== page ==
September 19th marks International Talk Like a Pirate Day. In addition to talking and dressing like pirates, if you would like to read like a pirate, here are some great swashbuckling young adult titles!
This is an origin story for Blackbeard the pirate. Edward “Teach” Drummond loves the ocean and can’t wait to return to it. Anne has been recently orphaned and, without any money to her name, is forced to find work in the Drummond home. Teach and Anne both must decide whether they will play the roles society has given them or set off to follow their dreams.
Bloody Jack: Being an Account of the Curious Adventures of Mary “Jacky” Faber, Ship’s Boy by L.A. Meyer
This first book in a series of twelve follows the story of Jacky Faber who, as the title suggests, disguises herself as a boy and serves aboard a pirate ship.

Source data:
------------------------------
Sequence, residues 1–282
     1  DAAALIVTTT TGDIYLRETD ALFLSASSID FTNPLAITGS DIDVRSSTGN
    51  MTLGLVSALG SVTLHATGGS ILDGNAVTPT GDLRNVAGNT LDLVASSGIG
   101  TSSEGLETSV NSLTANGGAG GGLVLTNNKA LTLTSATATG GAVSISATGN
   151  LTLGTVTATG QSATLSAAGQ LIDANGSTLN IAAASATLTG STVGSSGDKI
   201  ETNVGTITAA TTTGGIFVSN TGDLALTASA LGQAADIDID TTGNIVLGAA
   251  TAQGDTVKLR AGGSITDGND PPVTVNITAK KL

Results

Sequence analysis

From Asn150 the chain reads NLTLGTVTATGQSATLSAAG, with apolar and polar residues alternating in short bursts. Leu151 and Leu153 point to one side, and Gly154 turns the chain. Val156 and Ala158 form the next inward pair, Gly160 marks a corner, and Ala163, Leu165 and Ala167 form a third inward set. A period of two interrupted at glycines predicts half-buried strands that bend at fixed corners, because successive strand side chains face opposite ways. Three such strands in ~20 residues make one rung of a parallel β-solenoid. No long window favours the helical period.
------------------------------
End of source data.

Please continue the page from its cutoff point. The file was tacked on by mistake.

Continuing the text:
Jane Peck has been trained to be a lady, but when she sails to the western United States to wed her betrothed, she finds that her training did not prepare her for a life at sea or the adventures of the wild west.
Nic is a slave in Ancient Rome and on a mission to raid Julius Caesar’s tomb, he finds Caeser’s bulla. After he puts the bulla around his neck, he gains world ending powers that are coveted by the good and the bad.
Jeremy Johnson Johnson lives with his father above their Two Book Bookstore in the little town on Never Better. He’s smart, shy, and has a ghost for a best friend-Jacob Grimm. One day, Jeremy meets Ginger, a spunky classmate, and the two of them and Jacob get involved into a bit of trouble. Continue reading YA Books with a Male Point of View